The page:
A few months ago, brothers Hai Nam Bui and Hai Long Bui were developing a bookkeeping app for small retailers in Vietnam. Called SoBanHang (or “sales book”), it would help businesses that usually rely on paper ledgers digitize their operations, similar to Khatabook in India and BukuKas and BukuWarung in Indonesia. Then a new COVID-19 outbreak hit Vietnam. The businesses SoBanHang had been working with, which are often family owned and have less than five employees, struggled to cope. The team held a hackathon and came up with a new product for retailers to create online stores and manage orders. Since launching three months ago, SoBanHang’s “hyper local e-commerce enabler” has signed up almost 20,000 merchants, many selling online for the first time.
The company announced today that it has raised $1.5 million in seed funding, with participation from investors including FEBE Ventures, Class 5 and Kevin P. Ryan, founder of businesses like Gilt Groupe, Business Insider and MongoDB.
Before launching SoBanHang, Hai Nam Bui founded Datamart Solutions, a data analytics and automation platform, and served leadership roles at Lazada. Hai Long Bui also spent several years in management at Lazada, before holding the chief analytics and chief technology officer positions at Landers Superstore, a Philippines supermarket chain.
The idea for SoBanHang was planted when Hai Nam Bui visited a grocery store while wearing a Lazada T-shirt. The store’s owners saw the shirt and asked him how they could start selling online. So he helped them register an account on Shoppe and start uploading product photos and descriptions.
“After I had everything set up, they got their first order and asked, ‘how can I ship the product?’” Hai told TechCrunch. “I said that a third-party logistics provider will come and pick up the goods. And then they asked about the money. They didn’t understand the process and they didn’t feel comfortable giving goods to a third-party logistics providers.”
Since the majority of e-commerce orders in Vietnam are paid through cash on deliveries, the store’s owners also had questions about payment. Hai explained that the customer would hand cash to the rider, who would then give it to Shoppe and, in turn, Shopee would deposit it into the store owner’s digital wallet.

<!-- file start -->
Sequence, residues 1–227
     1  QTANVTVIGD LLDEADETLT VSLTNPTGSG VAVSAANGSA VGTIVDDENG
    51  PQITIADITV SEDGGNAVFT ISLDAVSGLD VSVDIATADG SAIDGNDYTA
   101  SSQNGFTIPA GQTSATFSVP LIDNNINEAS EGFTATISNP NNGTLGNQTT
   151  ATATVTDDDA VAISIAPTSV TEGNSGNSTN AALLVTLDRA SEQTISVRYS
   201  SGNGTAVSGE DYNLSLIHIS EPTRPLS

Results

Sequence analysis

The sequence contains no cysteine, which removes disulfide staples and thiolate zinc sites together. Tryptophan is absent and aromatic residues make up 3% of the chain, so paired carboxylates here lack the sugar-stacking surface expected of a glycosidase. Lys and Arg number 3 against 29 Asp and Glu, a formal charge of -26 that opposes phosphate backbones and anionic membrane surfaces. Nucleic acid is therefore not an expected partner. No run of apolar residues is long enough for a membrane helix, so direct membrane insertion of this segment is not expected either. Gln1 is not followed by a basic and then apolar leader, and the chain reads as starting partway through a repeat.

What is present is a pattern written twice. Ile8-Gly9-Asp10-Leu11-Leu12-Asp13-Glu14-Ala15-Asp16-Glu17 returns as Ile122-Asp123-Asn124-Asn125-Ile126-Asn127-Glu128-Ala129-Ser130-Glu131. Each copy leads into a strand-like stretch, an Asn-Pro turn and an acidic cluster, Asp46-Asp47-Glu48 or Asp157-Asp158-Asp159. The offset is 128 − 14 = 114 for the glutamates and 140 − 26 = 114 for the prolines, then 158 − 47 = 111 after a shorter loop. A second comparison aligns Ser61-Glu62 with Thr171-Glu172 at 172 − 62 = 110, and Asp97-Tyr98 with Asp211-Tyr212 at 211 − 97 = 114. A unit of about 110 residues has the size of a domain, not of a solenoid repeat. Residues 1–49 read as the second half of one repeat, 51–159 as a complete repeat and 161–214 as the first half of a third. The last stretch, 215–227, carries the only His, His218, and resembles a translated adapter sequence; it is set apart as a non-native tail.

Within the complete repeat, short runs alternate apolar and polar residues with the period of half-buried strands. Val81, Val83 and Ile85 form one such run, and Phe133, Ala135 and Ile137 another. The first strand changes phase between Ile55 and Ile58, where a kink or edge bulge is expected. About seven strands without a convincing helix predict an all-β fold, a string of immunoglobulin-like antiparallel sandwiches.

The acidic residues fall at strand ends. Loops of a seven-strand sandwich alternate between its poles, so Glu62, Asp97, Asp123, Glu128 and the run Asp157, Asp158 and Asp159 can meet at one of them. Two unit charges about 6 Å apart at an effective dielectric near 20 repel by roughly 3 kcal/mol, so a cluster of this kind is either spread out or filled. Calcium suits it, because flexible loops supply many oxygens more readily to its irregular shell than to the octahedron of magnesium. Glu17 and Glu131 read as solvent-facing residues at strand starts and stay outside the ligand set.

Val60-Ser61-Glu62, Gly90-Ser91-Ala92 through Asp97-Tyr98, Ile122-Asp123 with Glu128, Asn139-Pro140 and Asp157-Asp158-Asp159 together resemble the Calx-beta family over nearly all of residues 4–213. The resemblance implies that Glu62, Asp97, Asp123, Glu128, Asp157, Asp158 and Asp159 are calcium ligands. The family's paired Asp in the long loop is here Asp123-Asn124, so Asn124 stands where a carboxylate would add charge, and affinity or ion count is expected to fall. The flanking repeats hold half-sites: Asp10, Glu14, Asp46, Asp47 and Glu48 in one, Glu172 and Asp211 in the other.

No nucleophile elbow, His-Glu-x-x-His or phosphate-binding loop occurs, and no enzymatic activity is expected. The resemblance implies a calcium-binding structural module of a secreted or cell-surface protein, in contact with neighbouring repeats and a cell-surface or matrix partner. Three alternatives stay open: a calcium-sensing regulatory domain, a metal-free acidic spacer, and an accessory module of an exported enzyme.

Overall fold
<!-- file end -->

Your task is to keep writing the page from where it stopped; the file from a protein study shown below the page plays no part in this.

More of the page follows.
“And they asked ‘where is the wallet? How can I withdraw money to a bank account if I don’t have a bank account?’ That was an a-ha moment, when I realized that a lot of e-commerce platforms are still not touchable to about 90% of retailers in Vietnam,” said Hai. “The systems are still way too complex for them.”
Hai and his brothers started working on a digital bookkeeping app to help businesses digitize their operations, but when the outbreak and lockdowns hit, it became imperative to help them start selling online immediately. Based on SoBanHang’s research, there are about 16 million “nano” to micro-sized businesses in Vietnam. Many are very local, serving customers within a couple kilometers. In fact, businesses on SoBanHang often perform their own deliveries on foot.
“That was our second a-ha moment about the retailers, which is that they are selling to customers in their neighborhoods. The buyers and sellers are actually within walking distance. When they connect with buyers, they can make that order transaction, and then retailers deliver the good themselves and collect the money at the customer’s doorstep,” said Hai. This eliminates the need for SoBanHang to have complex logistics or payment systems, or for merchants to use third-party delivery apps that charge high commission fees.
Many of SoBanHang’s clients previously managed most of their transactions on paper and didn’t have a point-of-sale system or laptop, so the app is the first time they have digitized their operations. SoBanHang can be used for all kinds of retailers, but during the COVID-19 outbreak, it’s seen the most adoption from food and convenience stores.
The retailers are small enough that their customers can just message them orders, but SoBanHang makes the process smoother and enables them to sell more. Having an online storefront also helps prepare retailers for other COVID-19 outbreaks and maintain relationships with their customers.
For example, SoBanHang has a strategic partnership with Viettel, the largest telecommunications company in Vietnam. This lets them offer discounted SMS to businesses so customers can see special offers even if they haven’t installed SoBanHang’s app and don’t get its push notifications. For example, if a grocery store wants to sell out their inventory of fresh fish, they can send out a text blast to shoppers.
After lockdown restrictions are lifted, Hai said SoBanHang can help small retailers continue competing against larger players like supermarket and convenience store chains. Their advantage is that “they have a very good relationship with their customers, they know them well and they sit and wait for their customers to come. We want to turn that relationship into a new sales strategy for them.”
In the future, SoBanHang plans to continue working on its original plans for bookkeeping app. Like other bookkeeping apps, it plans to add financial services, like working capital loans that can be disbursed even without a digital wallet or bank account. But in the near-future, the startup will continue helping small retailer sell online for the first time.